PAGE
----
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Max Siedentopf shares the books that have influenced his downright hilarious work

In January 2017, It’s Nice That named all-round creative, Max Siedentopf as one of our Ones to Watch over the coming year. Since then he has kept us entertained with his signature witty and sometimes downright hilarious work, spanning photography, moving image, graphic design and everything in between.

Max’s work, although varying in output, is held together by his unique way of thinking and interpreting the world around him. In a recent project, Max offered up a plethora of “silly but significant advice” in Instructions for World Peace. The gifs, inspired by the “vast amount of instructions and DIY tutorials which usually try to aid the viewer to become a better version of themselves or how to improve the environment,” utilised Max’s distinctive sense of humour sharing simple tips on how to better yourself.

However jovial, Max’s work is grounded in research and a thorough understanding of culture. This is largely influenced by his vast and ever-expanding collection of books, as he explained in his Ones to Watch interview nearly exactly a year ago. “I’m a huge collector of books and have tonnes of books by all the people I look up to and I always try to learn from what they made for my work.” As our love for Max’s playful output only continues to grow, we caught up with the London-based creative to find out which books have had the biggest impact on his work.

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2 Kilo of KesselsKramer

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2 Kilo of KesselsKramer

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2 Kilo of KesselsKramer

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2 Kilo of KesselsKramer

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2 Kilo of KesselsKramer

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2 Kilo of KesselsKramer

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2 Kilo of KesselsKramer

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2 Kilo of KesselsKramer

2 Kilo of KesselsKramer

Back in in 2010, this was one of the first books by KesselsKramer that I came across. The work in there pretty much blew my mind wide open, it was the first time that I really felt understood by someone in the strange world of advertising and design. I fell in love and since then I have been working for KesselsKramer at their offices in Los Angeles, Amsterdam and since last year in London.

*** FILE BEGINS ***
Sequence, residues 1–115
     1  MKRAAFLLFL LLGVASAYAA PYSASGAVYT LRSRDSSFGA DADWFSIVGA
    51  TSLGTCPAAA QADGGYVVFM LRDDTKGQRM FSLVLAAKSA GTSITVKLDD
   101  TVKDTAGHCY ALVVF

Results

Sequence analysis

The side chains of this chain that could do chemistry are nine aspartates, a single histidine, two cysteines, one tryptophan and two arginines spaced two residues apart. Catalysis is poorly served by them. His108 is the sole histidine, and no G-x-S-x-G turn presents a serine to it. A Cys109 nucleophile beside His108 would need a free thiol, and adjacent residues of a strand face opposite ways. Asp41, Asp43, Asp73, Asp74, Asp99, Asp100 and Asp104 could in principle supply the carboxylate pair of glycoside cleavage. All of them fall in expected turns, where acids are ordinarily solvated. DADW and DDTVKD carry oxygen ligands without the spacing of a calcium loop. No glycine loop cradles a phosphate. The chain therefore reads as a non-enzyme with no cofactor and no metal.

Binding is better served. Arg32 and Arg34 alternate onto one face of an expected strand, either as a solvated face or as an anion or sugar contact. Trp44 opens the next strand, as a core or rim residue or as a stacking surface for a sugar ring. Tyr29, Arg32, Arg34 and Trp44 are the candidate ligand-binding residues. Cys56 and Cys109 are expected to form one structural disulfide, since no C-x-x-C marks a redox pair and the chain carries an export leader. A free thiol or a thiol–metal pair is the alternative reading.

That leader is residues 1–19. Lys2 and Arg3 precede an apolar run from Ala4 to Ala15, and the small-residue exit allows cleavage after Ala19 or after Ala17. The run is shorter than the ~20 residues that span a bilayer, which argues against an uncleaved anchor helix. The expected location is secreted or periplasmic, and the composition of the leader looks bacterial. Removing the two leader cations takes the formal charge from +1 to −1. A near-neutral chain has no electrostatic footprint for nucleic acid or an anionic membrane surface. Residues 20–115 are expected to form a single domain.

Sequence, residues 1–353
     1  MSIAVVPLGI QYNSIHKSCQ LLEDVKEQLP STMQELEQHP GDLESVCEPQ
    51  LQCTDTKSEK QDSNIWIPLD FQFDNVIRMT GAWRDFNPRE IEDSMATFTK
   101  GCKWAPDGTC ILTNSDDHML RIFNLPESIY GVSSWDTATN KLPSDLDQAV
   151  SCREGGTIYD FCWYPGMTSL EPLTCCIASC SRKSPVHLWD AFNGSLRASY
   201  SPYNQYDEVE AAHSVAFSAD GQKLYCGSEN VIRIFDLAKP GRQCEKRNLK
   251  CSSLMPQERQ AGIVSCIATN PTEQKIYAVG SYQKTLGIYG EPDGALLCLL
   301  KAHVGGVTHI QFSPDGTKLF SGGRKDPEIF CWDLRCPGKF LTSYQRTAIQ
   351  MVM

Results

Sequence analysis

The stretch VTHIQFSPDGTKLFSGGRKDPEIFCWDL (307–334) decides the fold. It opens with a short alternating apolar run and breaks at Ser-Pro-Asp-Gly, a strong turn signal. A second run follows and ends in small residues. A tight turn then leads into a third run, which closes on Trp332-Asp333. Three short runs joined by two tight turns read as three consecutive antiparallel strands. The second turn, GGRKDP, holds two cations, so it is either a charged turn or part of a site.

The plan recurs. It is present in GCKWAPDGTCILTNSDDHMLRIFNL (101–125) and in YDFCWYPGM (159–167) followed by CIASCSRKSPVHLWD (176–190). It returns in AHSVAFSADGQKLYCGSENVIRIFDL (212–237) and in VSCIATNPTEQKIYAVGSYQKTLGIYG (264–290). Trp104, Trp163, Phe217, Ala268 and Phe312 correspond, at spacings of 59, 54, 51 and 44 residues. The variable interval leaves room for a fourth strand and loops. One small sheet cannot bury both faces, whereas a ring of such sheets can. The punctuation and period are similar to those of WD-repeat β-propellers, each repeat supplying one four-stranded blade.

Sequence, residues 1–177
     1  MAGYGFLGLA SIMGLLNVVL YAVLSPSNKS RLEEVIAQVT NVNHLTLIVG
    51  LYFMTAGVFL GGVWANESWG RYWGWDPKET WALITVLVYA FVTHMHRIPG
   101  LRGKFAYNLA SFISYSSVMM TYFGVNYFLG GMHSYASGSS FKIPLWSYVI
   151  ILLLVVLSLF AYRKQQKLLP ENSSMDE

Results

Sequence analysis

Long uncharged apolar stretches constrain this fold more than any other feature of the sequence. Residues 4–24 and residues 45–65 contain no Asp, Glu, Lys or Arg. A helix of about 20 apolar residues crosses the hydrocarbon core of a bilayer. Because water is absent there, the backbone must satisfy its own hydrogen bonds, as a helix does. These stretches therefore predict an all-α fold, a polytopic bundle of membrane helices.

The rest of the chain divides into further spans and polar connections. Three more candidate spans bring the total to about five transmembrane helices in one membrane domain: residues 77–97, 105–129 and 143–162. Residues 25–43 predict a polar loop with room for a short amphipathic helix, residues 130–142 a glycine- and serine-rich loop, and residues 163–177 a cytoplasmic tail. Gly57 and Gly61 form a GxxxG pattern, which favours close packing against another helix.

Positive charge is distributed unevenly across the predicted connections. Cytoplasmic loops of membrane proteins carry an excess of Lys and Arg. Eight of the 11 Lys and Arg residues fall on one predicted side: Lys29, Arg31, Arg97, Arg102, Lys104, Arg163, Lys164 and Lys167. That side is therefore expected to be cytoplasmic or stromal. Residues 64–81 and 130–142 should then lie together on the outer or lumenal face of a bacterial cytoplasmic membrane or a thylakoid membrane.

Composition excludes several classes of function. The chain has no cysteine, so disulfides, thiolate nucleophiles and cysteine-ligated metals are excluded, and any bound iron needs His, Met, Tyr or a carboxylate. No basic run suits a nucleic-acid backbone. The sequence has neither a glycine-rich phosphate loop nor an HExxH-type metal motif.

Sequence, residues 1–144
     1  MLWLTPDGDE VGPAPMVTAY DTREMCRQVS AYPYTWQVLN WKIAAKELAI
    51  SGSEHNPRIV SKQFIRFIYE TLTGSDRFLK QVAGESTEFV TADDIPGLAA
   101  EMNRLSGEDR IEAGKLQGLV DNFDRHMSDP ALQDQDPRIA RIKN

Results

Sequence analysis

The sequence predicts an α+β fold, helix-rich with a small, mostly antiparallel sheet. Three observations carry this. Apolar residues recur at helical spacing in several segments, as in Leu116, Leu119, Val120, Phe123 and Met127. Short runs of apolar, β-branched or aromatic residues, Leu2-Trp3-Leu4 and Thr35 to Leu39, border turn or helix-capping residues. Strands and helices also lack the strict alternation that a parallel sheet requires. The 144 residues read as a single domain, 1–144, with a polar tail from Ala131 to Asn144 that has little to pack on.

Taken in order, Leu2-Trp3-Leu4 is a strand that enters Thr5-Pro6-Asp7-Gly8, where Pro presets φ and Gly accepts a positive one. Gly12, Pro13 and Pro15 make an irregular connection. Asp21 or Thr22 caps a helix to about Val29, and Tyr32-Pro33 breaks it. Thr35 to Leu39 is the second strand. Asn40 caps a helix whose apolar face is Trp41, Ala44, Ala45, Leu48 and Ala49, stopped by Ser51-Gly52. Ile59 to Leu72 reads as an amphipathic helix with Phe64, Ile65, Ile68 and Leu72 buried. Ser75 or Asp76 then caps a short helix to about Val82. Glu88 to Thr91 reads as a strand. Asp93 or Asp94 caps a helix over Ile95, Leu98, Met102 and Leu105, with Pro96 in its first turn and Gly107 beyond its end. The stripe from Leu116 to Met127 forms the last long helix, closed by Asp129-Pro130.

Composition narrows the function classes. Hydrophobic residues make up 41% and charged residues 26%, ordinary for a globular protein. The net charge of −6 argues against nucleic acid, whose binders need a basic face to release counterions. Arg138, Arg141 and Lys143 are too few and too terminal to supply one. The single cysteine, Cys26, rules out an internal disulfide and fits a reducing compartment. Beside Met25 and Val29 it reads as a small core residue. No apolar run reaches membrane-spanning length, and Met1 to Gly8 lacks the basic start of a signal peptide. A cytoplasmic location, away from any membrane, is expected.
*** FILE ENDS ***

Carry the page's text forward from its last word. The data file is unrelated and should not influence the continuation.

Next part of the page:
2 Kilo of KesselsKramer has it all: the best and the not-so best, from the first 10 years of KesselsKramer. True to the name of the book, it weighs exactly two kilograms and the page numbers are done by weight instead of numbers. It includes pretty much everything done at KK between 1996-2005, ranging from t-shirt designs, magazines, books, advertising campaigns, products, exhibitions, installations, stickers, music videos, more books, and even more advertising campaigns, to a documentary film about the world’s two lowest-ranking national soccer teams created just before World Cup 2002. It’s the biggest piece of inspiration (quite literally) that I have come across and still today I find new things inside every time.

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Diesel: We Meet

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Diesel: We Meet

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Diesel: We Meet

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Diesel: We Meet

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Diesel: We Meet

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Diesel: We Meet

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Diesel: We Meet

Diesel: We Meet